Property owners are being caught out by the ‘condition of average’ clause.
Increasingly, insurers are enforcing relatively unknown ‘average’ clauses within policies and property owners are finding their insurance claims are being reduced.
For example, if fire damages a property causing repairs costing £100,000 - and the building’s total declared reinstatement insurance value is £1 million - most owners assume they have more than adequate cover.
However, if the insurer can establish the actual cost to rebuild property is £1.2 million they can potentially claim there is inadequate cover in place and reduce the claim via a ‘condition of average’ clause. The claim will be reduced by the same proportion as the amount of ‘under’ insurance.
Ryden has seen a number of landlords exposed in this way. Reductions in the payout of claims can be as much as 50% which is devastating to a property owner. This typically occurs when the Reinstatement Insurance Assessment for a building is out of date or has relied on historic data.
Owners often consider the cost of regularly updating their building insurance as an unnecessary expense. Annual ‘indexed’ updates may seem to be a convenient and cheap way to maintain cover, but this often results in either over-insurance, and therefore unnecessary premium costs, or insufficient cover and exposure to huge risk.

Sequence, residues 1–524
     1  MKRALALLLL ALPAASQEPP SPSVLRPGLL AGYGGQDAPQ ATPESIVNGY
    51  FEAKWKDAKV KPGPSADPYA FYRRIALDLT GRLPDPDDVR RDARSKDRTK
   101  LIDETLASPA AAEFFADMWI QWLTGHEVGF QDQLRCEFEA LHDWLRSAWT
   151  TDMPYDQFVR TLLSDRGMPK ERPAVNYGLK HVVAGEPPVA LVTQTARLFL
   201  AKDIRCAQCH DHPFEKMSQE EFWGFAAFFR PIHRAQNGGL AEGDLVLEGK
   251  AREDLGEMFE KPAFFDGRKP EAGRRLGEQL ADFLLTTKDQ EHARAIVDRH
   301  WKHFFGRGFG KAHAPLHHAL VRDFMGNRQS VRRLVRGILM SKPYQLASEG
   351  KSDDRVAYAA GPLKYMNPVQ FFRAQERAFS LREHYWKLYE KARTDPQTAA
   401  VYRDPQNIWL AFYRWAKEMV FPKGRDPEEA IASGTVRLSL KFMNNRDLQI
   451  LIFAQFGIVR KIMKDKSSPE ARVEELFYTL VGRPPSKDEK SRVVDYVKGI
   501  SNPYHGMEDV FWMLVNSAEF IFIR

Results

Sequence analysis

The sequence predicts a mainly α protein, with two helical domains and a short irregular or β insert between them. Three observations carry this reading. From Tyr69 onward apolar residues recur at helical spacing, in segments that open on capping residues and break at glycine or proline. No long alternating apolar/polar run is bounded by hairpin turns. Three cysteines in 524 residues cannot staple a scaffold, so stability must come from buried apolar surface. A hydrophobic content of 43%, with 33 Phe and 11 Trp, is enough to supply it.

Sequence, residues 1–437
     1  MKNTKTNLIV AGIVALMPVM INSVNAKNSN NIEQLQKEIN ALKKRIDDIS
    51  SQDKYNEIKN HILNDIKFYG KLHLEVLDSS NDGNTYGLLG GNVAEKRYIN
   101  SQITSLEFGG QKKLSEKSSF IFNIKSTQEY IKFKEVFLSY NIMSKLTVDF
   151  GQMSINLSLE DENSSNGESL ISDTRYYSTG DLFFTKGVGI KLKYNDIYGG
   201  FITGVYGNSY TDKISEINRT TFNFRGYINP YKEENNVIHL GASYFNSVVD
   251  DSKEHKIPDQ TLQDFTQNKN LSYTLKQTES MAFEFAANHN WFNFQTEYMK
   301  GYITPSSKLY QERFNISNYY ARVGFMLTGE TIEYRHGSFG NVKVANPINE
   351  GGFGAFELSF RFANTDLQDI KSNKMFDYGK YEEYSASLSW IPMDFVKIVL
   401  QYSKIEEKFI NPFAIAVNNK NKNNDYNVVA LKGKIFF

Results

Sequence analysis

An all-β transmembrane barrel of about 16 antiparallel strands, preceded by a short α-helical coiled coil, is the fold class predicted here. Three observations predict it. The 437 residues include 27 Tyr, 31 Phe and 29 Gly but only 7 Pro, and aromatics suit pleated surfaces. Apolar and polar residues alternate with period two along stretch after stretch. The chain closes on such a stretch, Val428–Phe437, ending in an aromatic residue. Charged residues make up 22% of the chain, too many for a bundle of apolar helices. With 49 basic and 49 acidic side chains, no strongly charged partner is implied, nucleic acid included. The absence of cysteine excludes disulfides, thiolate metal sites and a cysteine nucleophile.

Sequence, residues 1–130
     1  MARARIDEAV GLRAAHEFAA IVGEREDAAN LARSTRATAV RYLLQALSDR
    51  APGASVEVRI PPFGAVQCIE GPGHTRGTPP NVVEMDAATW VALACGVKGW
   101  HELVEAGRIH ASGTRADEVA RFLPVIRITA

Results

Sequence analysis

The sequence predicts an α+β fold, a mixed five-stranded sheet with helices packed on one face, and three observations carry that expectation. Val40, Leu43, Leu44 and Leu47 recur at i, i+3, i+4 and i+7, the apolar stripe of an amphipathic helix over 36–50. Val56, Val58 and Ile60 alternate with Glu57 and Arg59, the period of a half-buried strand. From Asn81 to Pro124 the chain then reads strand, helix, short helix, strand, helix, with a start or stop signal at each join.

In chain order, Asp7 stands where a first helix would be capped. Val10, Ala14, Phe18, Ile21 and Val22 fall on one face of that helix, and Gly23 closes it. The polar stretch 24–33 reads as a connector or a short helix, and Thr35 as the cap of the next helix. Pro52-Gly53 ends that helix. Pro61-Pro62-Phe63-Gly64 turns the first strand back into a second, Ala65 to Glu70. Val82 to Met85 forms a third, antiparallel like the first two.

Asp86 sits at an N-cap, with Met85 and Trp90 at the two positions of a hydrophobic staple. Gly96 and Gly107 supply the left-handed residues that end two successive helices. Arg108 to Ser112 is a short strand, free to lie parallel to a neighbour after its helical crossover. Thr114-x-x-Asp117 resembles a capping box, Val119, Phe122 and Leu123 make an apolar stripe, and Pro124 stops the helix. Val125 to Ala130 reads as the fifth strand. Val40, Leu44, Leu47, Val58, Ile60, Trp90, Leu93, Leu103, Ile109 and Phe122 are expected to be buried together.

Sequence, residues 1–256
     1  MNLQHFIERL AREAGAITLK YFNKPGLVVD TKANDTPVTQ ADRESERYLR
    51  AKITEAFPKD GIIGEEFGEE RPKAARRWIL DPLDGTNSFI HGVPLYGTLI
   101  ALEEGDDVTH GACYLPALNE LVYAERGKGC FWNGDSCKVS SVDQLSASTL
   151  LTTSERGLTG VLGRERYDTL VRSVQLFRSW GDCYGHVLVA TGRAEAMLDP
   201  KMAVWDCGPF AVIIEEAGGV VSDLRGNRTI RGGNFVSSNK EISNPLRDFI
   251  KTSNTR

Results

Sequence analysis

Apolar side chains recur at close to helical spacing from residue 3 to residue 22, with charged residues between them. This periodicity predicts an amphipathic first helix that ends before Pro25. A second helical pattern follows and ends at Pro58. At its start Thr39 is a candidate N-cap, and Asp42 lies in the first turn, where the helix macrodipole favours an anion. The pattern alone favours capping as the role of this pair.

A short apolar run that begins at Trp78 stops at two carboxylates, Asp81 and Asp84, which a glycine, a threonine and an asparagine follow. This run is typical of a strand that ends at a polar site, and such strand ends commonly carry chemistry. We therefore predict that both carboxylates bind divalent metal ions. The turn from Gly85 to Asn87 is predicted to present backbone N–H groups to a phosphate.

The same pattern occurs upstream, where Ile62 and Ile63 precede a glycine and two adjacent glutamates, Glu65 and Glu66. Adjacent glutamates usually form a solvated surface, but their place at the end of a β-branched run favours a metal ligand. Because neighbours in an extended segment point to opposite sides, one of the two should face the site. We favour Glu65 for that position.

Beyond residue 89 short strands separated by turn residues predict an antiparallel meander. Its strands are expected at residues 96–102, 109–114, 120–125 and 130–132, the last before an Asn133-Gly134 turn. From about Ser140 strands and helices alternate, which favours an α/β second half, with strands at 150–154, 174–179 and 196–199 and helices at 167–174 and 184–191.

The good news for landlords is that the surveyor’s fees for preparing a Reinstatement Cost Assessment (RCA) can often be recovered through the lease.
The cost for preparing an RCA will depend on the size and complexity of the building but is minimal in comparison to the cost and risk of being underinsured.
Construction costs have fluctuated significantly over recent years so an annual reappraisal is vital. RICS guidelines advise that a full assessment - from first principles - should be undertaken in every third year.
If it has been more than two years since your building was last inspected for an insurance RCA speak to one of our Chartered Building Surveyors for advice.